Not Opposition
Speaking to power is not to be confused with political opposition. The former tells the power that be, this is the way God wants it done. The later says you are not doing it right because you are not qualified.
Political leaders need be told the truth without personal sentiment, resentment, and partisanship. It is to simply say, God gave you power and this is the way he meant it to be used. It calls for a return to purpose which has the good of both the leaders and the led as its aim.
Not Criticism
Speaking to power is also not all about criticising leaders. Critics evaluate others, find faults and pass unfavourable verdict. They are the best players in any arena that never played. They can discourage and demoralise. Criticismss do not always serve the intended purpose. They end up being ‘idle talks’, because the messages do not get to the leaders. Either the leaders don’t have access to the media the critics used or their handlers shield them from hearing what the critics a are saying.
Leaders need to be supported. When they err they are to be corrected. Even non listening leaders will appreciate being spoken to directly than being criticised in the public media.
Not Protest.
Protest by Christians over government’s actions or inactions is a new thing in Nigeria’s Christianity. A protester objects strongly and often angrily to what is happening. Nobody should be denied the right to object or be angry at any form of injustice, oppression and other characteristics of bad governance. This may make the government sit up. But at the end it leaves the Christian body’s relationship to constituted authority strained.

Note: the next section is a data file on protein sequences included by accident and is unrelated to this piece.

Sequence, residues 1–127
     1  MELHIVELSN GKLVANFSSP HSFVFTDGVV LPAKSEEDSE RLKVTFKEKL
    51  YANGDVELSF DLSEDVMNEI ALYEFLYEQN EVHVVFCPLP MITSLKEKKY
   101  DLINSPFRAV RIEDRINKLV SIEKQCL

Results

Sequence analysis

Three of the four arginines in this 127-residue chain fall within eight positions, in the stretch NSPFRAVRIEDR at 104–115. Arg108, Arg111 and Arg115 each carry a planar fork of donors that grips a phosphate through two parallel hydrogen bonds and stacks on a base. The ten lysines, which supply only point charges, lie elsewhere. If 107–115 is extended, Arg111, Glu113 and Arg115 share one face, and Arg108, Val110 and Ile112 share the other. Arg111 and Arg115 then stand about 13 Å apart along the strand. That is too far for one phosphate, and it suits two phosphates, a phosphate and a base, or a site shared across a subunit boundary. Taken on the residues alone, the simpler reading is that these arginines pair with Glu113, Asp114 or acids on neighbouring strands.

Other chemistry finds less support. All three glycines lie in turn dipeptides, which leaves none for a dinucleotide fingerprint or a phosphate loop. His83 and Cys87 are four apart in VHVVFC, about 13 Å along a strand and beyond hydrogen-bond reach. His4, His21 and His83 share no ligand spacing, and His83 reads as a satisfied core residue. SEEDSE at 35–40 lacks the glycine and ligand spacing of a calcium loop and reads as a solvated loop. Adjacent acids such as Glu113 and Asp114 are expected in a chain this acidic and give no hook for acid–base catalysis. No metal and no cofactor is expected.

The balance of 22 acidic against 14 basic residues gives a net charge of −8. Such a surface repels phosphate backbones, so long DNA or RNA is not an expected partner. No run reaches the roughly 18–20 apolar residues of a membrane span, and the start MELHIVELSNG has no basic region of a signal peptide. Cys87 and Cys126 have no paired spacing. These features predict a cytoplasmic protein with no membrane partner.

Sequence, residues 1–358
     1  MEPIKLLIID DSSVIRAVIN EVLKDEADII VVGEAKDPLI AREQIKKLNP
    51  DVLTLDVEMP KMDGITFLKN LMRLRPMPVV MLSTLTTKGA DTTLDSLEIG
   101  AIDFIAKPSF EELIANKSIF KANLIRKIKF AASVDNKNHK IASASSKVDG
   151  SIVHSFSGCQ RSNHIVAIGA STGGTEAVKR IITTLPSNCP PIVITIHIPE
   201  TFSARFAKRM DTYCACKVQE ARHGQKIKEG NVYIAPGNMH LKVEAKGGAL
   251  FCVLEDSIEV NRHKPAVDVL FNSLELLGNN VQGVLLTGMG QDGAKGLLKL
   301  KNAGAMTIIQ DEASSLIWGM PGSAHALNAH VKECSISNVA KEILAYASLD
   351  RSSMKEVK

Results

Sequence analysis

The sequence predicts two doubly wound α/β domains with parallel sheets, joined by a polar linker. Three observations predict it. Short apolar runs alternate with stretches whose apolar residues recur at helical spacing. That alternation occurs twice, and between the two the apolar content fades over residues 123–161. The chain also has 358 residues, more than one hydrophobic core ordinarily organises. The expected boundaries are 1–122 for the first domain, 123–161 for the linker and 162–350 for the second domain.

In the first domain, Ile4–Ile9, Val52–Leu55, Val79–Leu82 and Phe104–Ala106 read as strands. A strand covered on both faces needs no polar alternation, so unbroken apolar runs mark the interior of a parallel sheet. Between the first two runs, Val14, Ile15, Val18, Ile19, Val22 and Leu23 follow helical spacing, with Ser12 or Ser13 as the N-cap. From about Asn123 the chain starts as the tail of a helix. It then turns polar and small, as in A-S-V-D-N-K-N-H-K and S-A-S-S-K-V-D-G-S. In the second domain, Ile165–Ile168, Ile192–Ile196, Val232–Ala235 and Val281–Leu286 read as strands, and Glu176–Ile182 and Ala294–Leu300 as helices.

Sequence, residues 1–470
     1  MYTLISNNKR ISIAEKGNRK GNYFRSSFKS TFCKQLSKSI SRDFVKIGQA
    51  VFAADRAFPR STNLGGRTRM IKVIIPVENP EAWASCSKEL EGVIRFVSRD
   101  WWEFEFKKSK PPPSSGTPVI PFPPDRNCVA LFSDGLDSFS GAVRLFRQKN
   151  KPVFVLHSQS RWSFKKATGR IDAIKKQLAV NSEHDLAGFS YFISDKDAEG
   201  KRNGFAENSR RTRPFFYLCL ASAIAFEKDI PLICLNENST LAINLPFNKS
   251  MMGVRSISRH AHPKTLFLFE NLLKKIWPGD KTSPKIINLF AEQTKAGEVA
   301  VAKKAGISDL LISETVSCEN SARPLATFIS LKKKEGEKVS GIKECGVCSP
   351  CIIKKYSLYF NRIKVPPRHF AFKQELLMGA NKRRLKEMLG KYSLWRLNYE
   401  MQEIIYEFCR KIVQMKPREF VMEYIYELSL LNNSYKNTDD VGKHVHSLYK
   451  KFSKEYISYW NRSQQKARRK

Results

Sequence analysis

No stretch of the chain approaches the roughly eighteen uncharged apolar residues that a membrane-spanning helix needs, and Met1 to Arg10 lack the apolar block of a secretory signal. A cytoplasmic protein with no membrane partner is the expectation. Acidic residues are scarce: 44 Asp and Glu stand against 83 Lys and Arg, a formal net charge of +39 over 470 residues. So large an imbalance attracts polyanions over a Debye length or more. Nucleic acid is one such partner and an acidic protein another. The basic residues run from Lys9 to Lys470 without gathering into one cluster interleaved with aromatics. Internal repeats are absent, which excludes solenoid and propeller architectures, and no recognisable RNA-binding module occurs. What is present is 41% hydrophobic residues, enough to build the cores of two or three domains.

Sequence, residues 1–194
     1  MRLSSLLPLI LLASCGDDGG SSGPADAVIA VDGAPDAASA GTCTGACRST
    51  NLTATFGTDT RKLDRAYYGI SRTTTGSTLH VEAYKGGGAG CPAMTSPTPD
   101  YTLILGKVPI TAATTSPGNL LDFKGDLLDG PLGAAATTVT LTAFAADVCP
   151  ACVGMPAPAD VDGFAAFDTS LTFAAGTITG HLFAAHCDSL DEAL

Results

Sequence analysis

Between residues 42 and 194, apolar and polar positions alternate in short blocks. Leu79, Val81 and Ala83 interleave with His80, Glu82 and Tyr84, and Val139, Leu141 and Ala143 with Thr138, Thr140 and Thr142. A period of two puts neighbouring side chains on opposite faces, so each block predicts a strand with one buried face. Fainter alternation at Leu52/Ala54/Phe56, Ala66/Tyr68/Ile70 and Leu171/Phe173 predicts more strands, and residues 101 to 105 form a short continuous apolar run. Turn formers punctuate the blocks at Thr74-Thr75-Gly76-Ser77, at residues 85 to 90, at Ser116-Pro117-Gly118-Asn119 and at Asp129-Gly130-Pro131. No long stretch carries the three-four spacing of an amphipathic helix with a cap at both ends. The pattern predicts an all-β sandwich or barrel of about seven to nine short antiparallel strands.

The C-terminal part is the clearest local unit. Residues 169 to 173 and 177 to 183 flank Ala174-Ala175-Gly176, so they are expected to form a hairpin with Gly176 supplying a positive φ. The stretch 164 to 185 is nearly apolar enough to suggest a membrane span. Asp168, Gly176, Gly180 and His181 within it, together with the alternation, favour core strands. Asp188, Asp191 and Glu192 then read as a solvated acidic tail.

The intention of protest may be perceived wrongly by the leaders. The protester is angry, the leader is angered by the audacity that questions his decisions. At the end no one listens to the other. Those in authority would appreciate being spoken to rather than dealing with protesters. Some may not like what they are told but that someone was bold to talk to them set them rethinking reversing wrong decisions.
It’s Prayer, Plus
Many Christians think prayer is not a realistic approach to finding solutions to political problems. They don’t see how prayer can change the hearts of bad political leaders. So they look elsewhere for alternatives. However, nothing can be more realistic than prayers when it comes to dealing with people in power. If through prayer God so directs other action, it becomes prayer plus that action. This position is hinged on the fact that all authorities are instituted by God and ultimately power belongs to Him. He can plant and uproot rulers. He controls the heart of the king and turns it to any directions He wants. So to God we must first report our leaders before taking any legitimate and God glorifying action.
Speaking to power, therefore, should come after prayers . It’s from prayers we know the mind of God on any leader. After praying we know whether a leader is a Pharoah stubbornly defying God’s order (Exodus 5:2), an unbeliever Cyrus raised to serve God’s purpose (Isaiah 44:28), or a God’s anointed king missing it somewhere. If it’s a Pharoah then we cry out to God for deliverance. If it’s a Cyrus then we cooperate to allow him accomplish God’s purpose for raising him. Cooperation may mean individual or corporate repentance and mending our ways before the Lord.
Christians in the corridors of power are in the best position to speak to their colleagues in power. If not for anything, the fear that posterity will judge them harshly for being part or accomplices in making bad policies that brought hardships to the citizenry should make them speak up. Some Christian leaders wine and dine with political leaders. They should be able to speak up to them. The fear of the consequences of speaking to power may be why many who qualify to speak would be silent and play safe in the face of oppressive and ungodly policies.
Whatever, if they remain quiet one while the people suffer and die daily, God will surely raise help somewhere. We pray Christian leaders should lead in crying to God in times of political crisis. Those who have access to power should be bold, forget about self preservation, and personal interest and speak up. Who knows if God raised them to such positions and privileges for a time like this (Esther 4:14).
●●Namani, a Christian worker, is based in Kaduna.